More on compressors

You might recall I stripped the little BTH compressors and discovered a curious Scotch Yoke type of crankshaft within. Thus, I was interested to see
inside one of the other type of aero air compressors I've collected over the years. They are the type that are fitted to the rear of a Rolls-Royce Merlin B bank cambox and this one is pictured in pics 1&2 at
One I have has been modified with the addition of a splined shaft and an outrigger bearing mounted in a 3/8" thick steel plate. This makes it suitable to be driven from a free standing power source and there must have been many thousands so modified in the post war years - I've got five of them and I used to think they were rare! It is upon this basis that I don't think they are an off topic subject ;o)) Whilst cleaning it, I found the usual host of AID numbers and the AM symbol, surmounted by a crown.
It is obvious from their construction that they were never intended to carry lubricant in their crankcase, but must have survived on splash from the cambox, there being a ring of four slots to facilitate this in the inner crankcase wall. This inner wall supports a big (2" across), thin shell bronze bush and the other mainshaft is supported by a ball race in a blind housing. The crank itself is boringly normal except that the conn rod is cast bronze.
The ali piston has an automatic valve in the crown, two rings and runs in a fine pitched, one piece, finned steel cylinder of all-machined construction. It is secured to the crankcase in an ingenious way. There is a female ring machined in the top of the crankcase halves and this accepts a male ring that is part of the cylinder, requiring assembly when the crankcase halves are fitted together. Above it, there is a fine thread to which is fitted a toothed, internally threaded brass ring that tightens against the crankcase mouth, pushing the cylinder *upwards*. As far as I can see, the only advantage this confers to the device is that the cylinder can be turned anywhere in 360 degrees, giving an infinite variety of positions in which one can fit the outlet.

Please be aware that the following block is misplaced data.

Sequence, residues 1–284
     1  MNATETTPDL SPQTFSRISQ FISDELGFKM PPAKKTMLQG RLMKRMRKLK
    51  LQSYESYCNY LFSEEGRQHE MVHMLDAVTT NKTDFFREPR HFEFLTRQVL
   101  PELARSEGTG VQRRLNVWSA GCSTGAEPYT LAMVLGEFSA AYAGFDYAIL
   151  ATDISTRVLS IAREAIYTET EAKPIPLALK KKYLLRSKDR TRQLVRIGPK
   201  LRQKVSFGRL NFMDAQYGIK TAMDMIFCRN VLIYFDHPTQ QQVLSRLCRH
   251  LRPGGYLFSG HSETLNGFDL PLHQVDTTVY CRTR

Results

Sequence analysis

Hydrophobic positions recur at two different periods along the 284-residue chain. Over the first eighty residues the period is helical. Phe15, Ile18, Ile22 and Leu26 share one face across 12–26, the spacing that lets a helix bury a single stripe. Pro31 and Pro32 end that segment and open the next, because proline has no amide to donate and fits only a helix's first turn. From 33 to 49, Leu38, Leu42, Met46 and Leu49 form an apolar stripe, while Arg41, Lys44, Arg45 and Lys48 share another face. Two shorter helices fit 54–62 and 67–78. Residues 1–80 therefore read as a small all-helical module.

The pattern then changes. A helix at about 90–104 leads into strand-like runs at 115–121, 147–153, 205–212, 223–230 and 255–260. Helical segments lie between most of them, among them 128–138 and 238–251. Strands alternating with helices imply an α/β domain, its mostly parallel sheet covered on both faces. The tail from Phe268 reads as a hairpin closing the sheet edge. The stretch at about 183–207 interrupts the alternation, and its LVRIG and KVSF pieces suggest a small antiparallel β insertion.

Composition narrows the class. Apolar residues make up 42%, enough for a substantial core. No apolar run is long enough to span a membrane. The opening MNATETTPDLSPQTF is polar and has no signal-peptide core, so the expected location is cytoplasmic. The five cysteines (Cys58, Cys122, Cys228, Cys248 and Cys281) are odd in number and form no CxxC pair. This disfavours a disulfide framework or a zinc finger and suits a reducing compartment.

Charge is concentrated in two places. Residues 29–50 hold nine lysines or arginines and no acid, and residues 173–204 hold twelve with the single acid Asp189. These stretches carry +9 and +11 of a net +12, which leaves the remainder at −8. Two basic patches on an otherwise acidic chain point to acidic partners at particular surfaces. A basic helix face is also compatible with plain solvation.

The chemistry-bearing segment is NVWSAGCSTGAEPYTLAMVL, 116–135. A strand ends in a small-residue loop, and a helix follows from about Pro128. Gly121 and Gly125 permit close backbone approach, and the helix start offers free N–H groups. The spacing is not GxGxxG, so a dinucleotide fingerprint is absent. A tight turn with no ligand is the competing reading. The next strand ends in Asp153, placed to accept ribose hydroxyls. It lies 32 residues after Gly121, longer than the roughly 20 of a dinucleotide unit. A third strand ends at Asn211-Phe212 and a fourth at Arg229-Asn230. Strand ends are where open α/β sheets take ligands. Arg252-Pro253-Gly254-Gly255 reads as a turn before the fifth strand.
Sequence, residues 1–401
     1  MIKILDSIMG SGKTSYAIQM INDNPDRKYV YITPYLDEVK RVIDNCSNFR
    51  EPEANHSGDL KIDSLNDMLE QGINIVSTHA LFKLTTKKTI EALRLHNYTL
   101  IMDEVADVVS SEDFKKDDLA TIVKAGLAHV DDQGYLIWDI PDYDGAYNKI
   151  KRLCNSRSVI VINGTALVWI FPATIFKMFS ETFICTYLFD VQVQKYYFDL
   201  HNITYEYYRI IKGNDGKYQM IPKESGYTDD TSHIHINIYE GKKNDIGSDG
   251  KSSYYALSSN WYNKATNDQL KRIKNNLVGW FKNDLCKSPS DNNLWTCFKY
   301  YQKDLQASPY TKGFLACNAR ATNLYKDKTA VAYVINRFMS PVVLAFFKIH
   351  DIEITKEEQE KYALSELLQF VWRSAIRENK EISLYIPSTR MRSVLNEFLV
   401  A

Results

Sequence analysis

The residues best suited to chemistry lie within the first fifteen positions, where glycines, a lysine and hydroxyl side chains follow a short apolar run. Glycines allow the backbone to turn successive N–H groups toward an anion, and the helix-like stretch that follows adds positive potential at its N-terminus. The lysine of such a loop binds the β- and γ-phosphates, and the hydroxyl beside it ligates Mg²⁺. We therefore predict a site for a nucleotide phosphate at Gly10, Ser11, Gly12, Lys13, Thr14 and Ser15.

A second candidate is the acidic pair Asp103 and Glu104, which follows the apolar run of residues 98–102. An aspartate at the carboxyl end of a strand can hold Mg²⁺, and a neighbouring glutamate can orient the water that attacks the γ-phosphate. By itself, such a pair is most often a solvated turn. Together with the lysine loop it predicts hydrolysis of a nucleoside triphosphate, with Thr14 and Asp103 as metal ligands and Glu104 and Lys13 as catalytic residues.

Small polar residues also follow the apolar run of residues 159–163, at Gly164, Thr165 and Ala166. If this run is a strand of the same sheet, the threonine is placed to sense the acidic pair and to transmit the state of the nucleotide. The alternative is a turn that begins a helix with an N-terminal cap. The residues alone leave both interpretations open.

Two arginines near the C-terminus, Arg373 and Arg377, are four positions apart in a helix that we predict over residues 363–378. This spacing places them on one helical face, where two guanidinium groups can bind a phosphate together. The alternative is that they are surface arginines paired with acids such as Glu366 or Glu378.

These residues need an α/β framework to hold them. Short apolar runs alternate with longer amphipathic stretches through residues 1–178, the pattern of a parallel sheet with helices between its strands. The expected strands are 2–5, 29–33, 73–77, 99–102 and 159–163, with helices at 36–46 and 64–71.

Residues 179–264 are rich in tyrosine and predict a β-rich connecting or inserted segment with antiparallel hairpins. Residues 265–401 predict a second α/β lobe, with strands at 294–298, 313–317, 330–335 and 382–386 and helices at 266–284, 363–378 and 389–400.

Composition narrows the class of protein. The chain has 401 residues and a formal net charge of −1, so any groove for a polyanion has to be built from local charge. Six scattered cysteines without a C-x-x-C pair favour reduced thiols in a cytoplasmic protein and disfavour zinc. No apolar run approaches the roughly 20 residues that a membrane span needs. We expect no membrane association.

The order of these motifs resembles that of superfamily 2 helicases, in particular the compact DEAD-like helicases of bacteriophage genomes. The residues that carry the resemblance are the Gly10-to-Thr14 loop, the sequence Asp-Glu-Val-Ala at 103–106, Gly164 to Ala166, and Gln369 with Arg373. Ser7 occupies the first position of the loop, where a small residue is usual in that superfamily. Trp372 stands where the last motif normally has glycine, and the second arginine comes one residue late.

The slim, cast finned ali cylinder head with its automatic inlet valve is secured to the cylinder with six Allan screws and appears to have had a thin lead gasket, now replaced with Hylomar.
It requires filling with oil before the mounting plate is secured with a ring of 1/4" bolts, but then it is easily operated with an electric drill to ascertain its abilities - and it works just as it was intended to over sixty years ago.
Interesting to think that on this auspicious weekend, this little compressor might well have been whirring away on the back of a Merlin and Doing Its Bit to wrest the Continent from the grip of the oppressor.
Kim Siddorn,
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Could the lack of sump oil be due to the need to design them to take negative G. This is something not normally experienced by the average workshop compressor.

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